[Beowulf] Win64 Clusters!!!!!!!!!!!!

Robert G. Brown rgb at phy.duke.edu
Wed Apr 11 00:37:52 EDT 2007


On Tue, 10 Apr 2007, Mark Hahn wrote:

>> It was PVM that enabled true message passing parallel code to be written
>> that made a pile of machines (be they Alphas, simple PCs, Sun
>
> I'm not disagreeing, but wonder why PVM is basically extinct now.
> that is, why was MPI considered an improvement/replacement?

Be careful.  Last time I suggested it was "basically extinct", this was
(somewhat forcefully) pointed out to me:

    http://pvmmpi07.lri.fr/

As of last year, there were still quite a lot of papers on PVM.  I think
PVM is still widely used in Europe, and a lot of "old hand" cluster
people, myself included still prefer it (given their druthers).  It is
much more a part of the ORIGINAL beowulfs and related linux clusters
than MPI.

MPI had a completely distinct history:

   www.csm.ornl.gov/pvm/PVMvsMPI.ps

It was developed first for real supercomputers, and only ported to COTS
TCP/IP clusters (with a "network" communications channel being
introduced) once TCP/IP clusters had been "invented" (noting well that
the first TCP/IP cluster probably postdated the invention of TCP/IP by
about fifteen minutes:-) and were regularly being built (mostly to run
EP or PVM programs).

PVM was from the beginning about being able to configure and control a
"virtual machine" -- the core idea behind the original beowulf, by the
way.  MPI was intended to be a parallel programming library to run on an
existing big iron system which required no "configuration" (e.g. node
selection or other VM setup).  They differ fairly strongly today in
these arenas, although of course time and open source has reduced the
differences.

MPI's two primary "advantages" over time have been -- much better vendor
support for native (non-TCP/IP) advanced network devices (PVM at one
point had a native myrinet driver IIRC, but pretty much could never run
any of the other advanced networks except as TCP/IP networks, which
added a pretty huge latency hit per message from the TCP stack); a
larger code base inherited from the old big iron supercomputers and more
programmers moving from those supercomputers who were skilled at coding
in it.  More recently it sounds (from list discussions) like MPI has
also gained some real technical advantages in the actual library
internals, but you'd need to ask an MPI expert for an opinion there, not
me.

>> MS knifed IBM over OS/2 (which was a decently designed OS that might
>> have given Unix a real run for its money) and hence lost out on all the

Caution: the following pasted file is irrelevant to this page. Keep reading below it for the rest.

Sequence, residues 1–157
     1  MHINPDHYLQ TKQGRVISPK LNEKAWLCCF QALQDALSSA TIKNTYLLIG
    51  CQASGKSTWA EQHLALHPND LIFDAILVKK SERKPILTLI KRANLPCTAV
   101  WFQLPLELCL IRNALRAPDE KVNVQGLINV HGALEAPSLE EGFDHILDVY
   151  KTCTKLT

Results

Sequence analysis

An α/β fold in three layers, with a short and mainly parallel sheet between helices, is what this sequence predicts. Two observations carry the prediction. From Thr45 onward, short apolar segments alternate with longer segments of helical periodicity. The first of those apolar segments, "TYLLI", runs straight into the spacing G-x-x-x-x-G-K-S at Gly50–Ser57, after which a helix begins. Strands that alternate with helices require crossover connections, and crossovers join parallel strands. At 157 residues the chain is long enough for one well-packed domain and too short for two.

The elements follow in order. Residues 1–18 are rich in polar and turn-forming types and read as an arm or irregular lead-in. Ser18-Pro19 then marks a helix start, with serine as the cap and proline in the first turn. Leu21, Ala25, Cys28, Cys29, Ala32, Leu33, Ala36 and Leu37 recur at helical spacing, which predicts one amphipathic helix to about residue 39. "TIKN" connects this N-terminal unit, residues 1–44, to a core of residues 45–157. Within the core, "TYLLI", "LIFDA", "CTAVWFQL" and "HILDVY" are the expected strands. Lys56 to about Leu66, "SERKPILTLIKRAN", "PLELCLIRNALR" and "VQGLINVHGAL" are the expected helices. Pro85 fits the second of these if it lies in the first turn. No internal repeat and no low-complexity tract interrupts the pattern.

>
> I worked on OS/2, and it was no peach on the inside, so to speak ;)
> it's hard to speculate about what-ifs on a system which had barely
> shaken off its initial hw target (12 MHz 286!) by the time it was dropped.

People I knew down here who worked on it (out in the park) thought
pretty highly of it (probably about 2.0 or later versions of it -- the
early 286-only versions were pretty rough as I understand it) but I
myself never used it or NT -- I used Win 3.[0,1,2] at home, and while I
used Win 95 for a brief time a) it sucked; b) I'd long been using and
adminstering Unix networks, and had started using linux at home.

Mind you, linux only ran with infinite pain on my small-memory 486 -- I
barely could get slackware installed on an 8 MB system, although it
supposedly COULD be installed on 4 -- but I got an AMD 5 system with
(IIRC) 16 whole MB of memory and it ran charmlike on it.  It did not
suck -- it ran every bit as nicely as the Suns I had been using for many
years at that point, and came with X and compilers and everything, for
free.  I never looked back.  So my "decently designed" is definitely
hearsay.

The "knifed" part is more than JUST hearsay, though -- I met a bunch of
IBMers at the Linux Expo over in Raleigh back in 1999 or thereabouts (I
was running the Extreme Linux booth, and met Doug and Forrest and a
bunch of other linux geek types there for the first time in human
person:-).  The IBMers HATED Microsoft, and were actually quite fond of
linux.  The reasons given were that MS had screwed IBM royally over
OS/2, costing lots of their friends their jobs and depressing a whole
section of the company.  Linux was perceived as being a long term road
to revenge -- as IBM gradually shrank down its residual OS/2 business
they were working to replace it with linux.  To this day, IBM is the
only company that I know of that has advertised linux on TV.

And then there is the MS settlement with IBM in an OS/2 antitrust action
($750 million, two years ago) where for that much money to exchange
hands in a SETTLEMENT, one imagines that there was ample evidence of
knife-wound blood -- so call it "heavily supported" hearsay.

     rgb

-- 
Robert G. Brown	                       http://www.phy.duke.edu/~rgb/
Duke University Dept. of Physics, Box 90305
Durham, N.C. 27708-0305
Phone: 1-919-660-2567  Fax: 919-660-2525     email:rgb at phy.duke.edu


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